By MARGIE NETZEL - firstname.lastname@example.org
For the Star Beacon
Courtney Behm looked up in surprise when she heard her name called. A volunteer with the ACE Mentor Program, Behm, a 1997 Geneva High School graduate, wasn’t at the awards dinner to accept anything.
Behm was honored with the establishment of The Courtney Behm Exemplary Volunteer Award. This award will be presented annually to exceptional volunteers who serve the ACE Mentorship Program.
“I was very surprised,” she said. “I was speechless. The recognition was really special,” she said.
Founded in nationwide in 1994, the Architecture Construction and Engineering (ACE) Mentor Program is the construction industry’s fastest-growing high school mentoring program with 62 affiliates in 36 states. The program reaches more than 8,000 high school students in the United States each year in events that engage sponsors and volunteer mentors and encourages students to pursue careers in design and construction. The program also provides one-on-one mentorship programs, site tours, and project-based learning.
Students from five Cleveland schools participate in the local program, and this year, 14 students from four Cleveland Metropolitan School District high schools received $63,000 in scholarships through the program.
Students who received scholarships this year are planning to attend Cleveland State University, Cuyahoga Community College, Bowling Green State University, and the University of Akron to study in fields ranging from engineering and construction law to nursing and education.
University Hospitals, together with Gilbane Building Company and Regency Construction Services, Inc., provided the scholarships. This is the third year that University Hospitals awarded $50,000 in scholarships from a $400,000, eight-year pledge made by the hospital.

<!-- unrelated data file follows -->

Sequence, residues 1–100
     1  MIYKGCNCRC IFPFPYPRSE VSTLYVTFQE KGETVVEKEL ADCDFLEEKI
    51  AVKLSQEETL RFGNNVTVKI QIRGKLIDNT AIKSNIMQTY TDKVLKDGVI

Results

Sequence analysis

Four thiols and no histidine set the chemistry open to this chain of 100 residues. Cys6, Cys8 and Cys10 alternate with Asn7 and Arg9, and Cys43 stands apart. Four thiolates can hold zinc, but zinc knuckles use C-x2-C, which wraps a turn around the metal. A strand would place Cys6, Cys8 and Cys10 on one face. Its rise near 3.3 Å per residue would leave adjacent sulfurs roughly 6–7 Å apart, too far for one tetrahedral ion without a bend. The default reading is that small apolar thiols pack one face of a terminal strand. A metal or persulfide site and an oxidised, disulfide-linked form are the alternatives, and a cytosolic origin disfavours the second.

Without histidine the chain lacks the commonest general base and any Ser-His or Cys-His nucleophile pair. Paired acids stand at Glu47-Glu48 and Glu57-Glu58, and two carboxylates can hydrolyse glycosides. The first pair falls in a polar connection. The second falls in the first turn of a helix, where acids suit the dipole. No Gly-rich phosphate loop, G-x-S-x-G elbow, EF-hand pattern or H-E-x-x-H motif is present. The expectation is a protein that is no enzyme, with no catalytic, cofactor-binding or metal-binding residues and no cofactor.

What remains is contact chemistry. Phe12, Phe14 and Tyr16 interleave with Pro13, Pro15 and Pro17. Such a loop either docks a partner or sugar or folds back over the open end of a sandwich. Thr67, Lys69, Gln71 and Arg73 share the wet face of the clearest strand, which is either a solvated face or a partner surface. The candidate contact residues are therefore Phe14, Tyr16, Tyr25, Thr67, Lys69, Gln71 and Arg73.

Behm is a senior sales services manager at the construction management firm Gilbane Building Company.
“Gilbane is a company that is passionate about community outreach and volunteerism among its employees and is a supporter of the ACE Mentor Program nationwide,” she said.
Behm said her role in the program is largely, “behind the scenes.”
“For several years we have awarded an Exemplary Mentor Award. With this new award, now going forward we can recognize someone who has that same commitment as a volunteer,” she said.
The ACE Mentor Program began in 2008 with just 15 students, Behm said, and has grown to include 100 students this year.
“We are giving these students someone to look up to,” she said. “Someone to mentor them and help them grow. We have seen some amazing stories of students who have started in our program and gone on to great things.”
For more information on the ACE Mentor Program, visit www.acementor.org.